Calling All Goddess Girls: Author Interview & Giveaway
By Joan Holub and Suzanne Williams, for The Children’s Book Review
Published: August 3, 2010
To celebrate the release of Aphrodite the Beauty (Goddess Girls #3), authors Joan Holub and Suzanne Williams answer questions below about the book and the series. Be sure to leave a comment to enter the drawing for a set of the first three books in the series!
Reading Level: Ages 8-12
About the new book:
Aphrodite the Beauty (August 3, 2010)
Sure Aphrodite is beautiful, but being the goddessgirl of love is not always easy. Though others think she’s an expert on boy-girl relationships, they’re often just as confusing to her as to anyone else. And she certainly never thought she’d find herself jealous of one of her best friends!
Previous books in the series:
Goddess Girls #1: Athena the Brain
Finding out she’s a goddess and being sent to Mount Olympus brings Athena new friends, a weird dad, and the meanest girl in mythology—Medusa!
Goddess Girls #2: Persephone the Phony
Hiding her feelings works fine for Persephone until she meets a guy she can be herself with—Hades, the bad-boy of the Underworld.
“The authors intertwine an enchanting mythological world with middle-school woes compounded by life as a deity or blessed mortal. The books should be popular with fans of girly, light fantasy.”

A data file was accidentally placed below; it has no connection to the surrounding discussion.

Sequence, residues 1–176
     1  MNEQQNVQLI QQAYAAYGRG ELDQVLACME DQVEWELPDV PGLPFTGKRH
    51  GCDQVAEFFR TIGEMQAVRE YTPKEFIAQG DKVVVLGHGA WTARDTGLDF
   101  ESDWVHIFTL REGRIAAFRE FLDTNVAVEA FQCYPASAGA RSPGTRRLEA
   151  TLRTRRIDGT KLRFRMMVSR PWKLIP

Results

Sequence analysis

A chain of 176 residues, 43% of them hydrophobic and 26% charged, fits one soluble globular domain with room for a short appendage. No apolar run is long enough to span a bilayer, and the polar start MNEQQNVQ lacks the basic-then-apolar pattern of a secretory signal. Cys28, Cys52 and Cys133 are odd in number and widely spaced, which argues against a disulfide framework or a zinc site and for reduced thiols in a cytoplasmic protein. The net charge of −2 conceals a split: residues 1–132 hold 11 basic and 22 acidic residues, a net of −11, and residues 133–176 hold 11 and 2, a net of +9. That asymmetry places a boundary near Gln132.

~ School Library Journal 4/1/2010
Goddess Girls #4: Artemis the Brave
Releases December 7, 2010, and Books 5 and 6 are in the works!
Q: Aphrodite, the main character in Goddess Girls Book #3, is one of four goddessgirl best friends who take turns starring in the books in your series. How did you decide which Greek goddesses to feature?
Suzanne: That decision was made pretty early as I recall. I don’t even remember a lot of discussion about it. Since we were initially proposing a series of four books, we chose the four goddesses that fascinated us– the first ones that came to mind when we though of Greco-Roman myths. Aphrodite, Athena, Persephone, and Artemis (Book #4, Artemis the Brave pubs in December) were all goddesses we thought readers could relate too and might already know something about, since they loom large in the Greek pantheon.
Joan: I think young readers identify with these four particular goddesses in the way women of my age identified with the four ladies of Sex and the City. Each of our goddessgirls has identifiable, standout qualities, as indicated by the book titles. Athena is indeed a brain and Aphrodite is indeed a beauty. Sex and the City was anchored in NYC. Goddess Girls is anchored on Mt. Olympus at a school for goddessgirls and godboys called MOA (Mt. Olympus Academy.) Both focus on friendship among girls/women.
Aphrodite the Beauty was particularly fun for us because Aphrodite is so sweet, and yet so blithely unaware of the fact that she’s vain. She is beautiful and admired by every godboy in school, and has been all of her life. She takes this admiration for granted, so when Athena suddenly becomes a rival, she doesn’t know how to handle it.
Q: Do the books in the series need to be read in number order?
Suzanne: Each story is independent of the others, so the books don’t need to be read in order to be understood, but we do reference events that happened in previous books as the series goes along.